More than 90 million people have used the X-shaped pedestrian crossing in Oxford Circus in its first year, Westminster Council has said.
The £5m junction, inspired by a similar crossing in Tokyo, opened in the West End shopping area on 2 November 2009.
The redesign increased road space for pedestrians by 70% and allows people to cross diagonally by simultaneously halting traffic from all directions.
The crossing contributed to a 7% rise in annual sales, the council said.
London's West End accounts for a fifth of the capital's gross domestic product (GDP) and employs 300,000 people. The redesign was jointly funded by the Crown Estate, which owns Regent Street, and Transport for London.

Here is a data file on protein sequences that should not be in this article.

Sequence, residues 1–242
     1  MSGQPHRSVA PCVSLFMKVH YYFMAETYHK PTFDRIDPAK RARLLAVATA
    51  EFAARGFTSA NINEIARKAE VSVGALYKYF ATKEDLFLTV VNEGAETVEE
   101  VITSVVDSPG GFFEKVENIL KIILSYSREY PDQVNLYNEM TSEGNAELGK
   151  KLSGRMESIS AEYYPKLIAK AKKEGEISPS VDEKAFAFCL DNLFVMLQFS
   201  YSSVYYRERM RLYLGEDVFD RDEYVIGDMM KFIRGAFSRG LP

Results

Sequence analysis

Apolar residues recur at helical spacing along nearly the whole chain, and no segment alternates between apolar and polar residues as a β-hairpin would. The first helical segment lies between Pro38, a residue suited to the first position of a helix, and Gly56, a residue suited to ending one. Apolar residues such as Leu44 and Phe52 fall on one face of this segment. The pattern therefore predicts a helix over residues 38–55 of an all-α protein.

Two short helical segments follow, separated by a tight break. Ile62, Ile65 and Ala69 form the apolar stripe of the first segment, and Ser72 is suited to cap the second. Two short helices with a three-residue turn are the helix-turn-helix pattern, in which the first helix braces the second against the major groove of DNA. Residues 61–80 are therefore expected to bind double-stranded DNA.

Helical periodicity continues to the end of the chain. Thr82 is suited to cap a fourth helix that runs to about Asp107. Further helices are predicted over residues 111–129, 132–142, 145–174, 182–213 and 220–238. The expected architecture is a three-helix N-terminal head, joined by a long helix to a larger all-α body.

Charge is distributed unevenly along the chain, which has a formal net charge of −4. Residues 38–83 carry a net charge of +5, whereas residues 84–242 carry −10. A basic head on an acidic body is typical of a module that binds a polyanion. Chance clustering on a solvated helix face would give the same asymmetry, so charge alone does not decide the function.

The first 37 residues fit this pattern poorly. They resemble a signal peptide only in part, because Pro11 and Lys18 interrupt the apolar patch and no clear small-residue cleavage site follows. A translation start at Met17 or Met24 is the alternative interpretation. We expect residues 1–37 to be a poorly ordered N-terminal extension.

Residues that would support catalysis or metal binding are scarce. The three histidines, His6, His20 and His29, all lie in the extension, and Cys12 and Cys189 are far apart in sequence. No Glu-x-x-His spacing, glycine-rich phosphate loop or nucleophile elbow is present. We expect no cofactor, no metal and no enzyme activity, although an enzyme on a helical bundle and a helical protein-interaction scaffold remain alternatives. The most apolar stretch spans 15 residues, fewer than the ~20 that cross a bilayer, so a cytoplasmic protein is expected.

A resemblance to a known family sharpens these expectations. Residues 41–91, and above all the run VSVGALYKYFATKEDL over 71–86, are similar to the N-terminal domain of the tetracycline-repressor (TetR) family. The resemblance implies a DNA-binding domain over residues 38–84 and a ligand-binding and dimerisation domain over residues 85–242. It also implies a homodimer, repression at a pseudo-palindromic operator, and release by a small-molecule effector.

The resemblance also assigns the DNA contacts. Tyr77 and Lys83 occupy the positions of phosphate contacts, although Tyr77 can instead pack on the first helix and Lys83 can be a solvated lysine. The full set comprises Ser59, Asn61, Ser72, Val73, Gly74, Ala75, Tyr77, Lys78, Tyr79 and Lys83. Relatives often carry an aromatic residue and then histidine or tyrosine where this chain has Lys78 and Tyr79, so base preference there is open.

Councillor Colin Barrow said: "Our redesign gave Oxford Circus the X Factor last year and is still proving a hit one year on.
"Using inspiration from the Far East, we have made the fashion and entertainment hub a great place to shop and visit and will continue to improve the West End ahead of 2012."
David Shaw, head of Regent Street Portfolio at The Crown Estate said: "London hasn't seen a more significant improvement to its public realm than the Oxford Circus diagonal crossing in the last quarter of a century."
Richard Dickinson, chief executive of the New West End Company, representing businesses in the area, said: "Oxford Circus is one of our prime gateways to London's West End welcoming millions of visitors every year.
"The diagonal crossing transformed this key London landmark and has given our shoppers even more space to move."
As part of the area's revamp ahead of the 2012 Olympics, changes costing £14m are also being made to busy Piccadilly Circus with an aim of making it more pedestrian-friendly by December 2011.